Visiting a friend for afternoon tea, these were perfect.  She has two small boys, both of whom were under the weather, and she was clearly worn out from rushing around and staying up most of the night.   I really hope they helped cheer her up a bit, plain vanilla grown up ones and some colourful white chocolate freckle cupcakes.  Happiness.

Enjoy 🙂

Makes 18 cupcakes

Ingredients
Vanilla Cupcakes
185 grams sugar
185 grams unsalted butter, at room temperature
3 vanilla beans or 3 tablespoons pure vanilla bean paste
4 eggs (59 grams each)
175 grams plain flour
3 teaspoons baking powder

White Chocolate & Vanilla Frosting
40 grams white couverture
60 grams cacao butter*
100 grams icing sugar
250 grams cream cheese
1 vanilla bean or 1 tablespoon pure vanilla bean paste

*I used organic raw cacao butter.  You can find this in many health food and organic specialty food stores.

Make the cupcakes
Preheat the oven to 180°C.  Set 18 cupcake liners on a baking tray.

Cream together the sugar, butter, and vanilla in the bowl of a mixer.  When light and fluffy and the sugar has dissolved, add the eggs and beat until the batter is smooth.  Sift together the flour and baking powder.  Add the flour to the batter and mix until smooth and light.

Divide the batter between the 18 cupcake liners.  Bake at 180°C for 20 – 25 minutes.  When risen, golden, and cooked, remove the cupcakes from the oven.  Leave to cool completely on a wire rack until ready to frost.

Make the frosting
Melt the white couverture and cacao butter together in a bowl over hot water until almost all melted.  Remove from the heat and stir until fully melted and smooth.  Set aside to cool slightly.  Alternatively, you could zap it in the microwave at 50% power for 30 seconds at a time, until melted.

Cream together the icing sugar, cream cheese, and vanilla, until light and creamy.  Fold through the chocolate and cacao butter, taking care not to over beat.

Work quickly with a knife or offset spatula to swirl the frosting on to each cupcake.

Un-frosted cupcakes will keep for several days, stored in an airtight container, at room temperature.  Frosted cupcakes can also be stored this way in cooler weather.  This is preferable to ensure that they don’t dry out.  In warmer weather, you can store frosted cupcakes in a container in the refrigerator, but they will lose some of their moistness.  Bring to room temperature before serving.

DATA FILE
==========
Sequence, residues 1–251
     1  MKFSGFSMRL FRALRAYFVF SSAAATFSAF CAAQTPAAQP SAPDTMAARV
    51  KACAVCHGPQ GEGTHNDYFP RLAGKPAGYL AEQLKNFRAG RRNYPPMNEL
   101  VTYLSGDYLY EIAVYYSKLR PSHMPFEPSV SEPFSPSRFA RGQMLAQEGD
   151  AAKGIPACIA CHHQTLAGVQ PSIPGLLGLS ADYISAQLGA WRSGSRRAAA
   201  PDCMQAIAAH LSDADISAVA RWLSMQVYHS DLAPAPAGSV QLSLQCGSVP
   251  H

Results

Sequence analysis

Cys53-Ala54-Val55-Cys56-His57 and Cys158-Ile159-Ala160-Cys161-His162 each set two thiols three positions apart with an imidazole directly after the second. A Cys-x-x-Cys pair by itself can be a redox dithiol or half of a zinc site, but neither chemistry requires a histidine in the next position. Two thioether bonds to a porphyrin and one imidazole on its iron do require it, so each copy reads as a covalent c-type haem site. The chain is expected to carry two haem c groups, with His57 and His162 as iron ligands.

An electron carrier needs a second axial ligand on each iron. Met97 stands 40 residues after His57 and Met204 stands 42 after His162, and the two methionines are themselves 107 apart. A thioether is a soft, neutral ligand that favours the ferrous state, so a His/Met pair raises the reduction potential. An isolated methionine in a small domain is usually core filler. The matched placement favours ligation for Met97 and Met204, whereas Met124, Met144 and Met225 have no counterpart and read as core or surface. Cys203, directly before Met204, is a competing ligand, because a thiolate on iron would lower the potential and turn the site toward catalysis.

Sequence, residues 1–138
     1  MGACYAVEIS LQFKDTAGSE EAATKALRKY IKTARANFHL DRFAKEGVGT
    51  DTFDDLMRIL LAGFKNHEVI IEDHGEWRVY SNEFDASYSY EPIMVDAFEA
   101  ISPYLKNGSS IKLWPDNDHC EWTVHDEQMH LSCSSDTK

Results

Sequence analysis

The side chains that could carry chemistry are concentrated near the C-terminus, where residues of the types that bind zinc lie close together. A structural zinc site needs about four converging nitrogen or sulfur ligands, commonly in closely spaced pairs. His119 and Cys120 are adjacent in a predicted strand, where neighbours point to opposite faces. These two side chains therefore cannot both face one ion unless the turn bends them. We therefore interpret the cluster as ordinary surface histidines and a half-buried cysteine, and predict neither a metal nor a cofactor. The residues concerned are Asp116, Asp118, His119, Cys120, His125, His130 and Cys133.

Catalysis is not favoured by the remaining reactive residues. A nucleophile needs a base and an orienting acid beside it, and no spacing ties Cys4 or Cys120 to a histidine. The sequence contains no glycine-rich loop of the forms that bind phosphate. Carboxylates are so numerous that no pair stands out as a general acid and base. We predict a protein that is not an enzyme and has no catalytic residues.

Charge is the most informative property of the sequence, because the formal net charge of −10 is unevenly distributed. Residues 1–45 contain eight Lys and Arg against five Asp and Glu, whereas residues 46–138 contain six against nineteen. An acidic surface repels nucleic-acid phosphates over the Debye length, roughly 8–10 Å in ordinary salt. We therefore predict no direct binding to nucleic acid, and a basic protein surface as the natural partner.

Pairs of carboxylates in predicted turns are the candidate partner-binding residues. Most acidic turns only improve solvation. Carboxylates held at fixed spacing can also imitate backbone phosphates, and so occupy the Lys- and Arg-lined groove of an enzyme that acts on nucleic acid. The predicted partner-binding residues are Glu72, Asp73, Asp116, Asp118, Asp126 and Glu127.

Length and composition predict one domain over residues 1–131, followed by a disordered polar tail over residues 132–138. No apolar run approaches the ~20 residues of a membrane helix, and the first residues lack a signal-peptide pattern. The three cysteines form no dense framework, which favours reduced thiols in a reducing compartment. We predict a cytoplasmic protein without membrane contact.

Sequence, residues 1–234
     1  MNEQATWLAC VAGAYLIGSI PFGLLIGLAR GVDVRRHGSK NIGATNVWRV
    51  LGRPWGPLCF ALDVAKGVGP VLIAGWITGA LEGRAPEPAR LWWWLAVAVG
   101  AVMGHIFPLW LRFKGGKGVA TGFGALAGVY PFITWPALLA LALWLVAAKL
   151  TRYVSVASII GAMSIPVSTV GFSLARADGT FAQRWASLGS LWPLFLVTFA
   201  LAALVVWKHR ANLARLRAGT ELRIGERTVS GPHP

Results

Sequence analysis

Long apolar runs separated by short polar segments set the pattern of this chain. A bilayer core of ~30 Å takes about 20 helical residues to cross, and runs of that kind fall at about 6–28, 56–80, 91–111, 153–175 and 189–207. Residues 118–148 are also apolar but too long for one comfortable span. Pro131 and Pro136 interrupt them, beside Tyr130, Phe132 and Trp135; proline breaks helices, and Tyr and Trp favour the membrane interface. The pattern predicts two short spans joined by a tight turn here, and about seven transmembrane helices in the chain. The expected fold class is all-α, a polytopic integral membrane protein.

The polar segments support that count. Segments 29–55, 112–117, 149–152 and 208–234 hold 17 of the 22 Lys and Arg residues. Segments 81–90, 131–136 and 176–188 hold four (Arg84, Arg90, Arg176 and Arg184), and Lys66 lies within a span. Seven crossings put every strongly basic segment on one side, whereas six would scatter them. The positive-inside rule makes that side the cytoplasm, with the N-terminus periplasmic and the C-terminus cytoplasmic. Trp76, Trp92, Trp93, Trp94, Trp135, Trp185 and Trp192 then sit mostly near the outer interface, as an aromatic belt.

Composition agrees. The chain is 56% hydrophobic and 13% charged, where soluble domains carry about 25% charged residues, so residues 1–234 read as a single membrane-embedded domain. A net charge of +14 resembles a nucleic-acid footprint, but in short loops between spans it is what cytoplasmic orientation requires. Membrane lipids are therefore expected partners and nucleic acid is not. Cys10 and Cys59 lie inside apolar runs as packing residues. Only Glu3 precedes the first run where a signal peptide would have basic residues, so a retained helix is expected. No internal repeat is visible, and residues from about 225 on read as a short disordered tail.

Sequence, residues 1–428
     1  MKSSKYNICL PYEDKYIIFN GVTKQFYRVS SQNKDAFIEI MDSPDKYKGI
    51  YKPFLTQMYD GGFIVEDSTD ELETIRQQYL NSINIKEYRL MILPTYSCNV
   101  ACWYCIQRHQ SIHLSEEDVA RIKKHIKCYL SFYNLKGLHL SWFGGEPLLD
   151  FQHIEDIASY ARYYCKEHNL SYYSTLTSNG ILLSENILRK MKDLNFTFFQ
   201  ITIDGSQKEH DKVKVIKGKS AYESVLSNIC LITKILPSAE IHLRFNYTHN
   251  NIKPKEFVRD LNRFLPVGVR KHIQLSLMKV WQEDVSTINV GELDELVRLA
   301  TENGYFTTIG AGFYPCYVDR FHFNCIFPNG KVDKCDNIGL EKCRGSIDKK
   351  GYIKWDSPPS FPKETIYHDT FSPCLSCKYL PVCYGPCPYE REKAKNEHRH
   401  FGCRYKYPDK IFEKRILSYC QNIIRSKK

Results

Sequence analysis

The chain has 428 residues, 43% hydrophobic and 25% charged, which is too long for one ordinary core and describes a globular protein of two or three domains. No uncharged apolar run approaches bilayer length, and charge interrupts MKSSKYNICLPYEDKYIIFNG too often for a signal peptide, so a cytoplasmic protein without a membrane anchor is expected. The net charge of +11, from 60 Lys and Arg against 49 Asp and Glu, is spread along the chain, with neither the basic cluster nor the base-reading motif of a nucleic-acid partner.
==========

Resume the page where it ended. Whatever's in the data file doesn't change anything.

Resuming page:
Variation: Vanilla Freckle Cupcakes

These are really fun for children’s parties.  They are colourful and the vanilla flavour is usually loved by everyone.  The sprinkles I used here contain no gluten, and no artificial colours or flavours.  The colours are naturally a little more pastel than the usual neon-bright sprinkles one typically finds in the supermarket.

You will need:
For the cupcakes:
65 grams coloured sprinkles / “hundreds & thousands”

Prepare the batter as in the recipe above. Fold the sprinkles in to the cupcake batter at the end of mixing.  Bake as indicated above.
For the White Chocolate Freckles:
60 grams white couverture
extra sprinkles, for decoration

Melt the couverture over a bain-marie until smooth or zap in a microwave in 30 second bursts at 50% power until three-quarters melted.  Stir gently until melted and smooth.   Continue stirring gently until it cools slightly.

Pipe or spoon 18 x 1 cm rounds on to non-stick baking paper.  Sprinkle the coloured sprinkles over the chocolate rounds.  Cover and place in the refrigerator to set.  You can make the freckles ahead of time.

Frost the cupcakes as above.  Sprinkle additional coloured sprinkles over the frosting and top each cupcake with a white chocolate freckle.

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Filed under All Recipe Posts, Chocolate, Cupcakes